Peter Beard, a renowned photographer who was known for his images of wildlife, has died at 82. Beard was found dead on Sunday in woods near his home in Montauk on Long Island after a 19-day search. He had suffered from dementia and was reported missing in late March.
“We are all heartbroken by the confirmation of our beloved Peter’s death,” the Beard family said in a statement to the New York Times, adding, “He died where he lived: in nature.”
Beard was an expert myth-maker: A 2007 Vanity Fair profile called him “the personification of masculine imperviousness.” Writer Bob Colacello described Beard as “Half Tarzan, half Byron” in the book Holy Terror. And Beard once called himself a “relentless parasite with 2 panoramic cams.” To many, he was simply the last adventurer.
For 60 years, he documented the wilds of Africa, portraying it as a land of danger, death, and romance. By his own accounts, Beard thrived on near-death experiences in the safari, once requiring major surgery after being trampled by a herd of elephants. But Beard’s concern for the continent’s imperiled fauna was evident.
His best-known work The End of the Game, first published in 1965 and reissued by Taschen in 2015, is both a travelogue and meditation on the impact of Western civilization on Kenya’s vulnerable wildlife. In one searing black and white photo, a rhino charges at Beard’s camera. “These are not ‘pretty’ Walt Disney shots of gazelles leaping through the meadows or parrots chattering in the jungle greenery,” the New York Times Book Review wrote in 1965. “Beard’s pictures catch all the saw-toothed savagery of the animals who must show each day that they are fit to survive.”
Images and artifacts related to that body of work have been exhibited at the Centre National de la Photographie in Paris and International Center of Photography in Manhattan, among other institutions.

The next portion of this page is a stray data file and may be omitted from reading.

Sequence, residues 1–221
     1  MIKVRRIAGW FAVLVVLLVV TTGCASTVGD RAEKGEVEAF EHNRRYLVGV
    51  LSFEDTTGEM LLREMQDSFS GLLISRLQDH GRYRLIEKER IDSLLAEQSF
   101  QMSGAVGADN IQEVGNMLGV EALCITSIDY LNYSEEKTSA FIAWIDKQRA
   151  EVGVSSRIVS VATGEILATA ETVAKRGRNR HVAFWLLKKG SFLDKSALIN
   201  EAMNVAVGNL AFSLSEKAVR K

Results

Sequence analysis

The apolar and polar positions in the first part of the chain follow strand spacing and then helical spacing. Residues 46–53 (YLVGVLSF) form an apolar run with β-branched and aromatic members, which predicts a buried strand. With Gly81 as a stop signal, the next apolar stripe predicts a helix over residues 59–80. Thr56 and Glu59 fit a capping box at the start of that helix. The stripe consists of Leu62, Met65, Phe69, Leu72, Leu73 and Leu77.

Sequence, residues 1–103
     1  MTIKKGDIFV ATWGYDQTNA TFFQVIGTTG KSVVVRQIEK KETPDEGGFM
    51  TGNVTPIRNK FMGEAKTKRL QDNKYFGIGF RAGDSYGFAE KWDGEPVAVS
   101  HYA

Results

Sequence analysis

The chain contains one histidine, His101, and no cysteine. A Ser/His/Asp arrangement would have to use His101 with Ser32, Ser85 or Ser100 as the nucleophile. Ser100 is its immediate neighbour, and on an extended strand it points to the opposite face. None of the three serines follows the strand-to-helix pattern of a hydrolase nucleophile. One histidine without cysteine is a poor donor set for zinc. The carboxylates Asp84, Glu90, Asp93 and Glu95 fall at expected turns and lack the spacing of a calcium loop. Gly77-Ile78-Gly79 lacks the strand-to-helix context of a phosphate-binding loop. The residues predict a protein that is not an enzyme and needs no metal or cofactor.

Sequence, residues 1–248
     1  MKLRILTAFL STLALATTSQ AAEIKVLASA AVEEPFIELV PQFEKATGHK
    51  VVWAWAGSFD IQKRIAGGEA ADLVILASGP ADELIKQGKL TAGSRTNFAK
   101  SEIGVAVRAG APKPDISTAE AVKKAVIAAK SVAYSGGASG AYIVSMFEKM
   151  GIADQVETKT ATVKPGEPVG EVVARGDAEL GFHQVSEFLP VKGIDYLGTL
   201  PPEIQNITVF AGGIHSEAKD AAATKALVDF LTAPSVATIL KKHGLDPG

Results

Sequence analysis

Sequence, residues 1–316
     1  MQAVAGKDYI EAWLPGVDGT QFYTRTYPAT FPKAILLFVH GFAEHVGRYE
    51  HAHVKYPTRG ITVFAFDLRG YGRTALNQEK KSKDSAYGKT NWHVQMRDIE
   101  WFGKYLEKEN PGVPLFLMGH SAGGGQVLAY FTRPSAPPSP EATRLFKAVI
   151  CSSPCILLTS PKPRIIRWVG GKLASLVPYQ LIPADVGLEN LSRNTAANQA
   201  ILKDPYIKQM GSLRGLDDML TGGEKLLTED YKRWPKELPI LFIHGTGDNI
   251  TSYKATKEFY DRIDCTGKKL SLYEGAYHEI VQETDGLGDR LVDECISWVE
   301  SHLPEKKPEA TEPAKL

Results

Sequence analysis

Beard was also known for a vast collection of genre-defying diaries, which he began penning as a child. Equal parts collage and memoir, the pages are overstuffed with photography, found objects, carcasses, and splatters of blood, which he described to Interviewin 2016 as being “better than any ink or paint.” (In 1977, many were destroyed when the main house on his Montauk property caught fire, along with works by Bacon, Warhol, and Picasso.)
In some ways, Beard’s persona as a socialite eclipsed his artistic endeavors, however. Charismatic and blessed with movie-star looks, he partied among a glamorous crowd that included Truman Capote, Francis Bacon (who painted Beard’s likeness around 30 times), and the Rolling Stones. “Mick arrived so drunk from an afternoon with Peter Beard and Francis Bacon that he fell asleep on my bed,” wrote Andy Warhol in the 1970s. Famously, Beard’s drug-fueled escapades extended well into old age. The New York Daily News once called him “the hard-partying septuagenarian shutterbug.”
Beard’s childhood amid Manhattan’s upper-crust stands in contrast to all that. He was born in New York in 1938, the grandson of James J. Hill, the founder of the Great Northern Railway. Beard was the self-proclaimed black sheep of his family. At age 17, he took his first trip to Africa with Quentin Keynes, a great-grandson of Charles Darwin, where he was chased by a hippo he was attempting to photograph. At Yale University, he studied art history with artist Josef Albers, only to return to Kenya after his junior year. He eventually bought 45-acre property in the country, splitting his time between there and Montauk.
In addition to The End of Game, Beard published Eyelids of Morning, a book about crocodiles; Peter Beard, a monographic collection of his work; and Zara’s Tales: Perilous Escapades in Equatorial Africa, which was written for his daughter and illustrated with Nejma Khanum, his wife since 1986. In it, he includes a quote by the 18th-century poet William Blake that doubles as an apt epitaph: “You never know what is enough unless you know what is more than enough.”